Introvert vs Social Anxiety

Society is the foundation of human civilization and a significant part of human life. Now and then, we all engage in social interactions and situations. It is also true that some people do not like social situations or even fear them to a small extent. However, when this fear of social situations is too high, resulting in abnormal anxiety levels, it is a social anxiety disorder.

What is Social Anxiety Disorder?

The American Psychological Association defines social anxiety disorder or social phobia as "an anxiety disorder characterized by extreme and persistent social anxiety or performance anxiety that causes significant distress or prevents participation in social activities. The feared situation is often avoided altogether, or it is endured with considerable discomfort or dread." Along the same lines is the definition of ICD-11 as well. Both these definitions point towards two things, i.e., there is anxiety, and it is in response to some social situation.

Given such a simple classification, it is often confused and interchangeably used with some other terms which may have similar characteristics but different conceptual understanding. Thus, it must not be confused with introversion, a personality type that comes under the normal side of the abnormal-normal continuum.

Who are the Introvert people?

An introvert is a type of human personality (known as introversion), which describes that such (introvert) people are more comfortable staying alone or with one or two people. They enjoy spending time with their own ideas and thoughts and are hardly interested in knowing what is happening in the outside world. 

Introversion vs. Social Anxiety Disorder

Social anxiety disorder is a syndrome due to fear of social situations resulting in avoidance of such situations. The person fears social evaluation and not the people themselves. On the other hand, introversion is a personality dimension within the introversion-extraversion continuum. Introverts do not fear social situations but rather do not like them and are oriented towards themselves.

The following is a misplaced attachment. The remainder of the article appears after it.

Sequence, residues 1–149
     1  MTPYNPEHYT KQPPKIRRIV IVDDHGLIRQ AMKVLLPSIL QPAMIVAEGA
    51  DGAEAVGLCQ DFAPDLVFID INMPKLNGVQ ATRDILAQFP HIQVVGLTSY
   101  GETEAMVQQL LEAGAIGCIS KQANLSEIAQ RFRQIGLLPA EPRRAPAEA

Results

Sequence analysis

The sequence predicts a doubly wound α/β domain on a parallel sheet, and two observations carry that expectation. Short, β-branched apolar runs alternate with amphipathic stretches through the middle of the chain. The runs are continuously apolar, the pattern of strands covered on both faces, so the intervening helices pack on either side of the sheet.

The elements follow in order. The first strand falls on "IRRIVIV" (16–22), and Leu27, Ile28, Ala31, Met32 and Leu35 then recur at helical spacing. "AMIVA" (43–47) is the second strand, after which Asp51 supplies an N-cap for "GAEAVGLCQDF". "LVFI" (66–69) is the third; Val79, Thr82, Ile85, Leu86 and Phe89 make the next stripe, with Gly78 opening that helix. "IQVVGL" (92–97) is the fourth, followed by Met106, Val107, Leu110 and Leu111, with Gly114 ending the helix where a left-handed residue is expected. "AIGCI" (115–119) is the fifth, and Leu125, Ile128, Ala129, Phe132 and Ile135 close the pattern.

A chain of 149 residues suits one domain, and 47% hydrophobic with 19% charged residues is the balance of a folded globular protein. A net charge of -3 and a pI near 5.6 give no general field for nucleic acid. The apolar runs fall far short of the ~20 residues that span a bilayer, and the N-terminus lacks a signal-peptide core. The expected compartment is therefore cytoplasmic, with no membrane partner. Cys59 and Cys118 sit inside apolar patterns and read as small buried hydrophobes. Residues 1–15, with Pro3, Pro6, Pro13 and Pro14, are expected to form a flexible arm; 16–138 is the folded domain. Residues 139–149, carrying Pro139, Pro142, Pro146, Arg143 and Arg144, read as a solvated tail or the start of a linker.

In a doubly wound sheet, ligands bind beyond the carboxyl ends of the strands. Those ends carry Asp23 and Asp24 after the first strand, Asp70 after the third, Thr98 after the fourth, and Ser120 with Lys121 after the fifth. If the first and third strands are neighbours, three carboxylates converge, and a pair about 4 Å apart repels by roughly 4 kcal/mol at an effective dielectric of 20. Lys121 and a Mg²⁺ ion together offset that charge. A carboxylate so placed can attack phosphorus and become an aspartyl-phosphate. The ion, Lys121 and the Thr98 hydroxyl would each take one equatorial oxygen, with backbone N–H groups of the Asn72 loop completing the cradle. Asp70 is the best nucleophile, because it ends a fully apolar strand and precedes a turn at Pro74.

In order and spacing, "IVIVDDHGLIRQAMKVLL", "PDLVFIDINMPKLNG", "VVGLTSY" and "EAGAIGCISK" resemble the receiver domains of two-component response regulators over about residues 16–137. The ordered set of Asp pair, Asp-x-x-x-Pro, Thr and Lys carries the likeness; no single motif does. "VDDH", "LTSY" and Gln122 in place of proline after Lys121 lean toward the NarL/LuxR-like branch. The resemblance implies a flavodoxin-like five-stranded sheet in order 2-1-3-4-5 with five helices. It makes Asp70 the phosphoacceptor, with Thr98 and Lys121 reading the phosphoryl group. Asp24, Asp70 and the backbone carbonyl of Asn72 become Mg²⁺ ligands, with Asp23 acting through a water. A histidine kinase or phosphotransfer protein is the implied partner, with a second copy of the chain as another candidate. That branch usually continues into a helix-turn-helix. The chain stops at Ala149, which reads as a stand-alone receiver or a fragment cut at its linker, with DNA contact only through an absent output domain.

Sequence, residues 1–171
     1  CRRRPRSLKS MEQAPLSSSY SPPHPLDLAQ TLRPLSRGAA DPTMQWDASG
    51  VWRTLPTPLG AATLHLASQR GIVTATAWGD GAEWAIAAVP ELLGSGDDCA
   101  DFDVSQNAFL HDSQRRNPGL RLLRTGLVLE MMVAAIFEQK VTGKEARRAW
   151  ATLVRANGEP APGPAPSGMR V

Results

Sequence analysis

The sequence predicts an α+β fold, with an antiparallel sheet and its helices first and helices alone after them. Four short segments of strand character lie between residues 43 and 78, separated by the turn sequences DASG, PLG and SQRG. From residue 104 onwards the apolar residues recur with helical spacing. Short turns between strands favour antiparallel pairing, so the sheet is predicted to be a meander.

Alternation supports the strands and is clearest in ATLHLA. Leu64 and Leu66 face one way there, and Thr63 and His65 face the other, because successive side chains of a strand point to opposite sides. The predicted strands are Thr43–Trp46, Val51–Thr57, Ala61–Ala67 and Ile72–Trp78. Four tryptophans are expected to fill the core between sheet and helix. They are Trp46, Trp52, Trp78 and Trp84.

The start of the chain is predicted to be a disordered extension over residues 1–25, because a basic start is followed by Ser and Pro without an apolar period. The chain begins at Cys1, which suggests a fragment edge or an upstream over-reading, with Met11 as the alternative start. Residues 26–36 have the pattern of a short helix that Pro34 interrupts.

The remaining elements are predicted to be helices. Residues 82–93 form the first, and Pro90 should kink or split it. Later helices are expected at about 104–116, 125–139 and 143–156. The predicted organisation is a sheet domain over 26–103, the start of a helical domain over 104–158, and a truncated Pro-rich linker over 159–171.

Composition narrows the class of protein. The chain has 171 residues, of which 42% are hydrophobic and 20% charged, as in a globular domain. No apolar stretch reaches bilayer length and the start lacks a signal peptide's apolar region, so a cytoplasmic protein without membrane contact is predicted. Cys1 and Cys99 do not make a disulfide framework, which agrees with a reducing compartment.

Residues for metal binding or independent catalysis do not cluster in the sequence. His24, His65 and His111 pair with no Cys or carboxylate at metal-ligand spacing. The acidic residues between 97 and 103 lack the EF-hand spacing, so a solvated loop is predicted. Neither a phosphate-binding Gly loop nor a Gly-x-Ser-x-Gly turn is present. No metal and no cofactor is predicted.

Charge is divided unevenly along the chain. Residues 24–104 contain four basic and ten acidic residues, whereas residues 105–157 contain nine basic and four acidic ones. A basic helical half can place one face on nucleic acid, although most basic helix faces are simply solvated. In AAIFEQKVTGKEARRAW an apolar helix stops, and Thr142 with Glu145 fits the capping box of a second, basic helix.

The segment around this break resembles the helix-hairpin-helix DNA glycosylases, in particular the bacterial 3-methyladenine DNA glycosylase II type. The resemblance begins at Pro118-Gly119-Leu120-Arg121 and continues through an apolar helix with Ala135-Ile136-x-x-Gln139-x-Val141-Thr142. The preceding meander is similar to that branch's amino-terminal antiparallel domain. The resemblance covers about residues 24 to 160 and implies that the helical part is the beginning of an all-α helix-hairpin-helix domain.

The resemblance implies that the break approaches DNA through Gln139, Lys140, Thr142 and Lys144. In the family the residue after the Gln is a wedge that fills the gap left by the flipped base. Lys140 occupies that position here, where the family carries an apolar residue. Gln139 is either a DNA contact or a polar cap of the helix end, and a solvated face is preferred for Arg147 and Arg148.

Social anxiety, like any other anxiety disorder, can be debilitating and hugely affect the everyday functioning of the sufferer. Clinicians suggest defining symptoms that can be used to diagnose and differentiate them from other similar disorders. Some of them, as enumerated by DSM, are−

  • Anxiety about one or more social situations, especially where one may be evaluated/ scrutinized.

  • Fear of being humiliated, embarrassed, or rejected due to one's action or anxiety.

  • Avoidance of social situation.

  • Physical symptoms like blushing, sweating, stumbling, or trembling may be reported rather than initially endorsing fears of negative evaluation.

It is a common understanding among psychologists and psychiatrists that social anxiety disorder, and for a matter of fact, any anxiety disorder, be diagnosed only after the symptoms have persisted for at least six months. Further, manifestations and thus the diagnosis of this disorder may differ for different age groups. For instance, children have attributed this disorder only if anxiety occurs beyond interaction with adults in peer settings. Further, unlike adults, the expression of anxiety in children will be through tantrums, crying, freezing, shrinking, and sulking.

Interestingly, it is not just the social situation that can be anxiety generating, but the anticipation of such events is very often reported to generate anxiety within the patient in the form of anticipatory anxiety. The symptoms and manifestation of this disorder can also be understood within the domain of cognitive, behavioral, and social symptoms as follows−